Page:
Parental Quality Assurance

Mondays are my day off and are usually a blend of low-key play with the kids, plus an errand here and there. The kids also have a surrogate grandmother who comes over many Mondays, which allows me to do some writing, errands, etc. But she is out of town, so yesterday was just Mommy time.

In the morning the kids watched a video while I caught up on chores after a busy weekend, and then we played. We built a “Fancy Washington DC” out of blocks which morphed into a “Fancy Paris” (pictured here). The Barbies met Strawberry Shortcake for lunch and a trip to the Eiffel Tower, while James brought various Noah’s Ark animals to join the fun.

Caroline and James desperately needed new shoes, and I couldn’t figure out when else to do it, so we went to the shoe store(s) between school and piano lessons—about a two hour window.

I was determined to be focused but not stressed. When Caroline didn’t find anything at Stride Rite that fit and felt good and was less than $50, we went to Target. I hate buying shoes at Target—the shoes are always unorganized and they never have the size we need. At one point I sighed loudly and Caroline said, “Mommy, this is what shoe shopping is all about.” True.

Aside from this irritation, I really tried to go with the flow and not convey that we were short on time, even though we were. I realized afterwards, however, that just because I was trying to be relaxed doesn’t mean I actually succeeded. So on our way to piano, I asked them, “So would you say that Mommy seemed very stressed and in a hurry back there, or only medium stressed and in a hurry, or not at all stressed and in a hurry?”

The consensus was “medium.” I was glad that they put me where I would have put myself.

I think it’s useful, as a self-reflective person, to see where the disconnects are between intentions and reality, and my outsides vs. insides. But I have to say, I can’t remember a time that I’ve ever asked for feedback from my kids. I’m not gonna give them a form to fill out or anything, but it was an interesting moment.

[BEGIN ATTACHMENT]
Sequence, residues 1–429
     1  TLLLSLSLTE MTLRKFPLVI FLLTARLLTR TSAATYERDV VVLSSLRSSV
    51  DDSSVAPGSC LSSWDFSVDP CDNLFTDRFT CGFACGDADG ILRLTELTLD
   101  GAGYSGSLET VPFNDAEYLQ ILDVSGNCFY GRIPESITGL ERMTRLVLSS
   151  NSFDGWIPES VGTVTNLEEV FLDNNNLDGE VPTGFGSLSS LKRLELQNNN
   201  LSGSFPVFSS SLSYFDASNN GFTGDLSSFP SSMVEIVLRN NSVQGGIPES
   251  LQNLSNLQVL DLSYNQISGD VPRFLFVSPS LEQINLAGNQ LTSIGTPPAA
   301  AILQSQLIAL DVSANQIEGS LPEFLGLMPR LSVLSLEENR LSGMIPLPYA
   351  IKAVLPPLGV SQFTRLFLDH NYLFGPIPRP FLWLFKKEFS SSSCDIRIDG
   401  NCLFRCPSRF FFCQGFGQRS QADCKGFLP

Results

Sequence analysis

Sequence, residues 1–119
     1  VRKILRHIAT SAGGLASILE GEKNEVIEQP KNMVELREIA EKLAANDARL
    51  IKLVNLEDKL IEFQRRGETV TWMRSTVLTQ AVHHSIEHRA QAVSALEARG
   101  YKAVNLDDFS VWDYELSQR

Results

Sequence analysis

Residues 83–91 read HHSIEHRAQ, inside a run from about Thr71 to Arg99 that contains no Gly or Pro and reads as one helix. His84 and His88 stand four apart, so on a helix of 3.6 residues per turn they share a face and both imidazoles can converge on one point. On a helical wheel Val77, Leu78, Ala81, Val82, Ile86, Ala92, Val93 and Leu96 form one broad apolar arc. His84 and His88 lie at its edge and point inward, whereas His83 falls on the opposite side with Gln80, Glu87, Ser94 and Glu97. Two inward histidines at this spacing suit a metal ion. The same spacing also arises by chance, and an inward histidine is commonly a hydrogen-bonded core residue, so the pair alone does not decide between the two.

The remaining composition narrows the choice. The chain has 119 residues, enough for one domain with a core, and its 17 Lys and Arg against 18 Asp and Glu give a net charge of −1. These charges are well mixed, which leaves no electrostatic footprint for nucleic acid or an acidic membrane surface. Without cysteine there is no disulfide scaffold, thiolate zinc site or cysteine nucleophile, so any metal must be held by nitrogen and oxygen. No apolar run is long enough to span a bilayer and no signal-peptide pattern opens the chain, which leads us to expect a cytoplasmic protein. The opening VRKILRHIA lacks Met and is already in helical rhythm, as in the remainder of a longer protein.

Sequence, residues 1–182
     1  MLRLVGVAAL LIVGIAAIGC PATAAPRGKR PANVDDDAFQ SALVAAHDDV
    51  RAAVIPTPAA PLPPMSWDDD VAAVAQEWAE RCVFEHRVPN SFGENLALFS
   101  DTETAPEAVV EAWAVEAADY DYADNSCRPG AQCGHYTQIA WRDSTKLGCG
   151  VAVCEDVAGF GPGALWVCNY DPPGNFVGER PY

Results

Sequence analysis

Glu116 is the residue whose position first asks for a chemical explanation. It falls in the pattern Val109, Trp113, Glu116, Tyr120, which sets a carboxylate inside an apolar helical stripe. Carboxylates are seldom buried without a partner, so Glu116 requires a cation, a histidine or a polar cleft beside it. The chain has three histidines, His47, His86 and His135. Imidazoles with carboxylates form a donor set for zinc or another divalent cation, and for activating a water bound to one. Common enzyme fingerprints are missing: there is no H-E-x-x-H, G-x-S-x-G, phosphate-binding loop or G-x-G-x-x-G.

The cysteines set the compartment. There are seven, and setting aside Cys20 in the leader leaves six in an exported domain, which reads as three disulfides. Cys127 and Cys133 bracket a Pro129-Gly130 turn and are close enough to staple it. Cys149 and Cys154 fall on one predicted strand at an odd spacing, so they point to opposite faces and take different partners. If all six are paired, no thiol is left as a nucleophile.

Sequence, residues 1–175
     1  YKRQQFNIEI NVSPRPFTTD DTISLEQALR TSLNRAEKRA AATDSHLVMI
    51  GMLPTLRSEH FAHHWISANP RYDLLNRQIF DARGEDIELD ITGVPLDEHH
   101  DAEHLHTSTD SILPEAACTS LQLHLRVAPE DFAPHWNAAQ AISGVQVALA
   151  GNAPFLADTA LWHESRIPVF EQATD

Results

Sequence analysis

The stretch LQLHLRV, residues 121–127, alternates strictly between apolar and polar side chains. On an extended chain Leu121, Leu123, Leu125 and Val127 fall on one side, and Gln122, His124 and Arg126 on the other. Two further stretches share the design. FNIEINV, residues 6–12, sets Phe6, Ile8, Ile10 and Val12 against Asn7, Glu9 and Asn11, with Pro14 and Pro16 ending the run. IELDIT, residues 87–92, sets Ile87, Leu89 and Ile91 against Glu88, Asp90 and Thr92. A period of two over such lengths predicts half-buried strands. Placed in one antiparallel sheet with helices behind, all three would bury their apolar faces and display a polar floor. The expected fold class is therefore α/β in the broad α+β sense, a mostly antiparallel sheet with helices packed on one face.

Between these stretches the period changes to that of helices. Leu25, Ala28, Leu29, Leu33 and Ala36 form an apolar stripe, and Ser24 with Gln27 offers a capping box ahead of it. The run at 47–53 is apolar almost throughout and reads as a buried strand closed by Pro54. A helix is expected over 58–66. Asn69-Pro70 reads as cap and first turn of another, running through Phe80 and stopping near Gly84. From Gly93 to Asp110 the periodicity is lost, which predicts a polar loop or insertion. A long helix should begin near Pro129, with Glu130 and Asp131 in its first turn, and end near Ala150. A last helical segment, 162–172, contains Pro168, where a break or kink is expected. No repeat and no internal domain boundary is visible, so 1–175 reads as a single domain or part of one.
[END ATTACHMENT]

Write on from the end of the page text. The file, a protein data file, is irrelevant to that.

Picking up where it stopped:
5 thoughts on “Parental Quality Assurance

  1. Kelly says:

    What a great idea! We are always giving out kids feedback – why not ask them how they are perceiving things?

    Today, I helped facilitate a parent ed discussion on my favorite topic, Nurture Shock. We talked about the first chapter, The Inverse Power of Praise. One of the questions that came up was, “How do we model working through failure for our children?” We talked about thinking out loud through the process, acknowledging when we make mistakes and verbalizing what we might do to change whatever needs changing.

    I think what you wrote about is a companion idea – modeling asking for feedback.

  2. esperanza says:

    Oh my. Wishing I had read this *before* I took my two shoe shopping today. Shoe shopping causes me stress on a good day, alone. With the two littles in tow–yikes. A. was out of control most of the trip, and I joined her for a good part of it. R. just wanted out of the stroller. There would have been no mistaking my stress level. I did apologize. Hoping that got through.

  3. Rachel Heslin says:

    Ok, that was really cool. I love finding new ways to respect children, and valuing their observations is a marvelous way to do so — as well as providing useful feedback!

    PS Have I mentioned how much I love your “Parenting Parkour” tag?

  4. Erin says:

    I think that is genius. I make a lot of assumptions about how I am coming across to my kids. They are old enough to tell me themselves how my behavior appears from their perspective.

    I also try to give my kids a heads up when I have a short fuse. I had my third gum graft surgery last week, and, while I am not proud to admit it, the pain makes me testy. I let them know how I was feeling, so they would understand that I wasn’t very patient, and that it would help me a lot if they tried REALLY HARD to be helpful and cooperative, and if they also tried not to bump into my face anymore.

  5. […] day to imagine how you sound from your child’s point of view. [If you dare. I've actually asked them for feedback before, which is also […]

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